life, regardless or where or how, this flag is meant to honor that individual.
5. What does 'killed in service' mean?
We often hear the terms “killed in action” or “died of wounds.” They
refer specifically to those who have died by definition in an official
conflict. This flag has a broader scope, honoring all those who by draft
or volunteer have put themselves in a position to defend the constitution,
the flag and those freedoms which make our nation great. In other words,
if someone was killed while guarding a border, standing on a ship’s deck,
protecting an embassy or marching headlong into enemy fire, this flag honors
6. What is the importance of the Honor and Remember flag?
This flag should be important to every citizen of the United States. Never
before in the history our country have we realized how vulnerable we can
be to the actions of those who would destroy us. Now more than ever, our
fighting men and women deserve our support and our gratitude for standing
in the way of those who want to attack us. We owe them, and particularly
those who died, honor and remembrance.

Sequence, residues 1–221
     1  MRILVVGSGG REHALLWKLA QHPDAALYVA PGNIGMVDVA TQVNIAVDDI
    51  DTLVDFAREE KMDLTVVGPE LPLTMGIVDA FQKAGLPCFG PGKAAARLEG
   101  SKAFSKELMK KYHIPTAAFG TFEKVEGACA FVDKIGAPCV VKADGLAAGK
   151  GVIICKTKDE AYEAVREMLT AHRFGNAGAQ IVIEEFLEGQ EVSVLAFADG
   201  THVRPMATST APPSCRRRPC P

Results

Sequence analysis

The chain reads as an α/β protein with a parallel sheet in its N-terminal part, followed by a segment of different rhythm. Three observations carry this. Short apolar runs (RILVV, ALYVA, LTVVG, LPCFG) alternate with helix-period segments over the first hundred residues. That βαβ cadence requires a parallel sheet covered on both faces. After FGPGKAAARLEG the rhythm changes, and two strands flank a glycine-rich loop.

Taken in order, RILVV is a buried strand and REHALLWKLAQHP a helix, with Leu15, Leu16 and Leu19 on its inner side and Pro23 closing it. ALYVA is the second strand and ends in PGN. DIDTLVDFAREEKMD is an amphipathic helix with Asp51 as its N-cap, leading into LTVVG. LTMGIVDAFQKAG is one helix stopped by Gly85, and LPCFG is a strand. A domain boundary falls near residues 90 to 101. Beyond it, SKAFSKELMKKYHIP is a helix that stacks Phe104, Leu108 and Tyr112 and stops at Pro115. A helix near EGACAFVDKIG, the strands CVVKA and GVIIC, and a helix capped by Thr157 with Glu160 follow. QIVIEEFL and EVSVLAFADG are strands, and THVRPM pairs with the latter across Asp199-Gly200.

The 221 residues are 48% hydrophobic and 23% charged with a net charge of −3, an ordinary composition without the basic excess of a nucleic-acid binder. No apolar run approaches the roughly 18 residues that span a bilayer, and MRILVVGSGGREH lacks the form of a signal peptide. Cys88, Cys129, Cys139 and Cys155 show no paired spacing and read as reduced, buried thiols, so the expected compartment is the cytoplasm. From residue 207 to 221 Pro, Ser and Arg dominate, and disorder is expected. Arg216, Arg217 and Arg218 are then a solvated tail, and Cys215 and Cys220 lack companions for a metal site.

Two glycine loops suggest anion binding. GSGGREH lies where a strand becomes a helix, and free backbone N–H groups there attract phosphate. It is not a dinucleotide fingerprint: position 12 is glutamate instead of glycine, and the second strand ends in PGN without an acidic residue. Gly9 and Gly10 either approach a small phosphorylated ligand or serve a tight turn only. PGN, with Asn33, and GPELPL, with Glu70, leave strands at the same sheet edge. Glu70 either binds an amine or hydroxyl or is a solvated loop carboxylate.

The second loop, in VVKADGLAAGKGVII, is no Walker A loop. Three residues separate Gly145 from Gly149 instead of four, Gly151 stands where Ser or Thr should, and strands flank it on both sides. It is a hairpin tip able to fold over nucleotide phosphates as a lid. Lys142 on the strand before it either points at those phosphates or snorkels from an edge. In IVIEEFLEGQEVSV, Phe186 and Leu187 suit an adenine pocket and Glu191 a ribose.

By flying the Honor and Remember Flag, we say to our fighting men
and women and the families they came from that we as Americans
will never forget their contribution to our freedom. And we are
mindful that at any time, any day another could be added to those ranks.
7. How do I help get the flag flying?
There are four very important things you can do:
1. SIGN the Petition, If you havent already. Our goal is
1.6 million signatures, one supporter for each life lost in our nations' history.
Once that is achieved our hope is that the Department of Defense will support
and Congress will enact a law officially recognizing the Honor and Remember Flag
as a national symbol.
2. TALK about the flag. Tell everyone in your circle, including businesses about
the website www.HonorandRemember.org and encourage them visit and sign the
petition. Also please consider spreading the word through newsletters, emails,
blogs or by linking to our website. Additionally send the press release link
to any media locally or nationally to let them know about the campaign. We
would welcome the opportunity for national attention including syndicated